Thursday, December 15, 2016

Assessing Obama's MidEast Legacy

Dershowitz: Obama is Neville Chamberlain - Greer Fay Cashman

Internationally renowned lawyer Alan Dershowitz warned against any disruption in bipartisan support of Israel, speaking at the Jerusalem Center for Public Affairs. "We can never allow our election to become a referendum over Israel," he said.

Dershowitz, who twice voted for President Barack Obama, blamed him for bringing down world order. "His legacy will be close to that of Neville Chamberlain," he said, adding that Obama had alienated every country in the Middle East except Iran.

Amb. Dore Gold, who recently returned to head the Jerusalem Center after serving as director-general of the Israel Ministry of Foreign Affairs, voiced concern over world indifference to what is now happening in Aleppo. "What is occurring now in Aleppo is not just mass murder," said Gold. The Sunnis are being moved out and the Shi'ites are being brought in from all over the Middle East. 
(Jerusalem Post)

Recommendations for Trump Administration - Lt.-Gen. (ret.) Moshe Ya'alon 

U.S. policy, which was perceived in the region as an abandonment of allies (Egypt and the Gulf states), coupled with its closer ties with Iran, created a crisis of trust with the Sunni regimes.

There is no doubt that President Obama's decision to refrain from striking the chemical weapons stockpiles and manufacturing plants in Syria, despite the fact that the Assad regime had crossed the declared American red line, substantially eroded U.S. deterrence, as did its nuclear agreement with Iran.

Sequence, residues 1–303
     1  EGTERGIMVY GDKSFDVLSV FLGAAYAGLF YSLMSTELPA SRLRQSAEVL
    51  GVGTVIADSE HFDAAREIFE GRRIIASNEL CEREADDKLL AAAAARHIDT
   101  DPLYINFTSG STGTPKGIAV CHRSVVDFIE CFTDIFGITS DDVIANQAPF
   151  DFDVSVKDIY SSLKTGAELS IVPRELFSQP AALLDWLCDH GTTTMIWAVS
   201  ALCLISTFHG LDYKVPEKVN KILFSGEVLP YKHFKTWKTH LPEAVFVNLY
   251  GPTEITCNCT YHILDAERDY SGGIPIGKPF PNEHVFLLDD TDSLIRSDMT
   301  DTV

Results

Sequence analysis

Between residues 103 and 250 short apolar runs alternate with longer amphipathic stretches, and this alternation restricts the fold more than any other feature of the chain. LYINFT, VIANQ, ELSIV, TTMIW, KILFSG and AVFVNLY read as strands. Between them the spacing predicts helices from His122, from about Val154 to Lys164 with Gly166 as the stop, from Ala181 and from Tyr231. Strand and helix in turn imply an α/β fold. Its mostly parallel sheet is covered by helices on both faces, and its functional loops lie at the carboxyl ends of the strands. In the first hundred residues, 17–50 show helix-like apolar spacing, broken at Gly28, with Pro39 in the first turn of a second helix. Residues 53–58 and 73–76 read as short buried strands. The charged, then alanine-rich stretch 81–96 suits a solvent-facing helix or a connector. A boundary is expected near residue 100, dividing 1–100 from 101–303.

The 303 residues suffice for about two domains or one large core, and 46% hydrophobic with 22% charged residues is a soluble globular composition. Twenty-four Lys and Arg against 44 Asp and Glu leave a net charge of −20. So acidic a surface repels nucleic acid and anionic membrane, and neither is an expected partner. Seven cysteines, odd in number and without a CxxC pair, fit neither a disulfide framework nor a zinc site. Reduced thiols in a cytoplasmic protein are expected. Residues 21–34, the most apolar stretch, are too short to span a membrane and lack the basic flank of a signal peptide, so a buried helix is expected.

Furthermore, the American response to Iranian provocations, as well as to the missile tests, the seizure of U.S. Navy ships, the harassment of American ships in the Strait of Hormuz, and the firing by Houthis in Yemen of Iranian-supplied missiles at a U.S. naval ship exacerbated the erosion of U.S. deterrence.

Russia took advantage of the American weakness to seize a leading stance. Most of the region's leaders visited Moscow more times last year than they did Washington and began purchasing weapons from Russia.

I believe the U.S. will have no other choice but to take a grand proactive strategy in the region - both in order to regain its standing as a world power and in order to distance the Middle East threats from America, Europe, and elsewhere.

Such a strategy will require a change in policy toward Iran. The Iranian regime is the most significant destabilizing factor in the Middle East, and therefore should not be seen as if it were a key element in stabilizing the region, since it is not part of the solution, but rather is the essence of the problem.
(Institute for National Security Studies-Tel Aviv)

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